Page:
The Chicago-based company began its operations in China in March under the name of Gaopeng.com, joining other competitors in a market that grew to $70 billion last year, the Los Angeles Times reported.
The market is expected to grow up to 80 percent this year as more Chinese use the Web to buy and sell goods, the Times said, quoting the China Market Research Group.
"It's really taken off like it has in the U.S.," said Bill Bishop, an independent Internet analyst in Beijing. "Consumers love it. Who doesn't love a deal?"
In this market, companies generally form partnerships with local businesses to offer products and services at deep discounts, marketing the deals through e-mails sent to subscribers daily, the Times said.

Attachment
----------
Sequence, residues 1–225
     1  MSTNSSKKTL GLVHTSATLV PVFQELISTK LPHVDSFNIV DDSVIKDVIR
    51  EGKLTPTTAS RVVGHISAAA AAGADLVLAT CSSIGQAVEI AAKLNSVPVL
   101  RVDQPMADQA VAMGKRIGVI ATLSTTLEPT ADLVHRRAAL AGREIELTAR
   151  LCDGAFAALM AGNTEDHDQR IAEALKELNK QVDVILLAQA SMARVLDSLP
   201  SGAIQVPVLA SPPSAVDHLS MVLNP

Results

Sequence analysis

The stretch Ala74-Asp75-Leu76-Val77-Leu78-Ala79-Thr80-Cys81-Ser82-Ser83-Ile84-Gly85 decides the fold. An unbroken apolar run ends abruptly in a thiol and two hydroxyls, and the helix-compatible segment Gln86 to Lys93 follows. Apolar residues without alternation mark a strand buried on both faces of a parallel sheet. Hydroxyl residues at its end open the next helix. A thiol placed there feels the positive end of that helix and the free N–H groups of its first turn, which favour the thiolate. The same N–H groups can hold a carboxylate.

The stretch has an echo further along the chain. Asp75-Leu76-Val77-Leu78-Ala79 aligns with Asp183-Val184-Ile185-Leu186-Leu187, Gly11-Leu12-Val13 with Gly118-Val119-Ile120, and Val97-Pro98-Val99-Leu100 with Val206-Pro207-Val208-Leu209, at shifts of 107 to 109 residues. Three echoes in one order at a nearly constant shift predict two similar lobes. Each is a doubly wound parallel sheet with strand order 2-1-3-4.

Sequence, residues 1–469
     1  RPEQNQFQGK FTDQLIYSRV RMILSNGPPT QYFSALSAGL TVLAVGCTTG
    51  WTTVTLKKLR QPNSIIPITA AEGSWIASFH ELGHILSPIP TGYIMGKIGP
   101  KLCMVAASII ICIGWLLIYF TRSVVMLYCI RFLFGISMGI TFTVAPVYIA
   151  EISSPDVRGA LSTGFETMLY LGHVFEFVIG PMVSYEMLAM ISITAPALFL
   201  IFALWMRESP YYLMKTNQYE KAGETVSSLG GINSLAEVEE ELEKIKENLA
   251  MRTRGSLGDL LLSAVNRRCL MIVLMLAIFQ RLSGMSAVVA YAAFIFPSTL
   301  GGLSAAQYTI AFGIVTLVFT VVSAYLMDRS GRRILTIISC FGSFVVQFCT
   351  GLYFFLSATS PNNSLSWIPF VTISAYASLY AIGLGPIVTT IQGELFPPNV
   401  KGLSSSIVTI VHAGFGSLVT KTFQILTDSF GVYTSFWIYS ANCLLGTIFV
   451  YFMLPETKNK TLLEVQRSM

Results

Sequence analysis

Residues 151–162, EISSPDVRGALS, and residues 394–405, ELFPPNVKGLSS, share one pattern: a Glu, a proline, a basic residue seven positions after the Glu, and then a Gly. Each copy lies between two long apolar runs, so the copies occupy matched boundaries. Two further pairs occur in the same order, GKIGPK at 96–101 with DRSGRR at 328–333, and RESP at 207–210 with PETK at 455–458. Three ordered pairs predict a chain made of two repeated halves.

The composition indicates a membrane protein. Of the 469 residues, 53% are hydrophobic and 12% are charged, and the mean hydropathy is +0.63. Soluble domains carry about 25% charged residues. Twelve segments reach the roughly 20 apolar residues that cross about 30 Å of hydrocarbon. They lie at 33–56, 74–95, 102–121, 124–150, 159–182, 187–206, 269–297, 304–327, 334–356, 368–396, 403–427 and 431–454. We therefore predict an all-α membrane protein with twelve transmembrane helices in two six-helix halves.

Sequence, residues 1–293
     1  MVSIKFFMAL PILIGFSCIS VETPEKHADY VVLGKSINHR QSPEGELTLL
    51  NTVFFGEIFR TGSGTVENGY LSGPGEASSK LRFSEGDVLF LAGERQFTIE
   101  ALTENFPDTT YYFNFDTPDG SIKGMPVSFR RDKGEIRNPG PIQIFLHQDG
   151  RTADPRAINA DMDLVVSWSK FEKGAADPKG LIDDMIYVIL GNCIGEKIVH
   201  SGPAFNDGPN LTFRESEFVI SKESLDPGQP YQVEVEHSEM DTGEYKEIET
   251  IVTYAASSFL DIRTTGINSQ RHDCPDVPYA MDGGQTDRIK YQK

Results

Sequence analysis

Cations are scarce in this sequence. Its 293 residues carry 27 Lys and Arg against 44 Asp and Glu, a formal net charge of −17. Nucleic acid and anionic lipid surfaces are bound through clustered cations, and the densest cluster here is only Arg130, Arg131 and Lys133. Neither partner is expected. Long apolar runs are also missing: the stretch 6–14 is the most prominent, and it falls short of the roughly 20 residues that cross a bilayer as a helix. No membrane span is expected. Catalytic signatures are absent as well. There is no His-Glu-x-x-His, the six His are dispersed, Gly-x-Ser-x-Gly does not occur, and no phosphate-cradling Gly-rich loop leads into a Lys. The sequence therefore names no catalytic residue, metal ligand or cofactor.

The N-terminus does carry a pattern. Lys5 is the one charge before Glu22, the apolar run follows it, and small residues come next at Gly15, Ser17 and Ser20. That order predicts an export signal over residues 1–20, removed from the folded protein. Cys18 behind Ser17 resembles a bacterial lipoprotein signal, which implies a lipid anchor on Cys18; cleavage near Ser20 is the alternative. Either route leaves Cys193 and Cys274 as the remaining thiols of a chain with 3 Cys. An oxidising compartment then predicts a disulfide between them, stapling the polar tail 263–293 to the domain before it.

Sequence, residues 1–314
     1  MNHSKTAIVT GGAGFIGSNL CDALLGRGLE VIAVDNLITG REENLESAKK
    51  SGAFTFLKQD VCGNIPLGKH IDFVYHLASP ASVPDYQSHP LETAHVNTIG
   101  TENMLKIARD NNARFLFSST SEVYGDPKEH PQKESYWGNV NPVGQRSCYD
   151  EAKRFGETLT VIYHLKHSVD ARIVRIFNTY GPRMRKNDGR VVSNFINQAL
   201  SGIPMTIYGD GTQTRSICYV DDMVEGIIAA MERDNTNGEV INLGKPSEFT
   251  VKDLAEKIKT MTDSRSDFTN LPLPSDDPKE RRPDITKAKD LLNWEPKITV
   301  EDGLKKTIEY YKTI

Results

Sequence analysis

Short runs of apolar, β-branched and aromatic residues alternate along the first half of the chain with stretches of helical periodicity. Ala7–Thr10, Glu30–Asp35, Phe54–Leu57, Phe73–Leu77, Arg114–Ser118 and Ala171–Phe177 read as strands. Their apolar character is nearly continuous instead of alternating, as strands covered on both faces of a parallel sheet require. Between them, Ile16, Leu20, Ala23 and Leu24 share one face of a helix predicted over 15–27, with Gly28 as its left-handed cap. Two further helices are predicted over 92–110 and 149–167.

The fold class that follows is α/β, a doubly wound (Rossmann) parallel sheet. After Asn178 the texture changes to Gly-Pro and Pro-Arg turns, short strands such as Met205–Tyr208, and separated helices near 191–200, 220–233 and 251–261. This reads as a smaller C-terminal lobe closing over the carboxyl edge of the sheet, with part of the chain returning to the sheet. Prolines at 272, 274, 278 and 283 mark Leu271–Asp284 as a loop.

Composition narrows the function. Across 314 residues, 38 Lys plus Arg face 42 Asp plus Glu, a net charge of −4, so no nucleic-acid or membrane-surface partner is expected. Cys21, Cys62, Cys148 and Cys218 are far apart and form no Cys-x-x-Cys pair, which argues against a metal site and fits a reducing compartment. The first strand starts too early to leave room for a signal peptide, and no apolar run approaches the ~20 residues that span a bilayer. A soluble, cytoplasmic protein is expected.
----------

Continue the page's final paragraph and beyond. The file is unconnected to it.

Some sites require a minimum number of responses from likely buyers before completing a deal. Buyers typically have 24 hours to purchase the deals, which can be downloaded and printed as coupons that merchants will honor for weeks or months.
China has 450 million Internet users who shop for bargains on everything from doctor visits to bridal photos.
Groupon officials did not comment on their China operation but analysts told the Times the company must find a way to get buyer attention to establish brand loyalty.
"The consumer [in China)] doesn't really care who is who," said Edward Yu, chief executive of Beijing-based Analysys International. "As long as the browsing experience is good, the price is good, they don't care who is providing the service."
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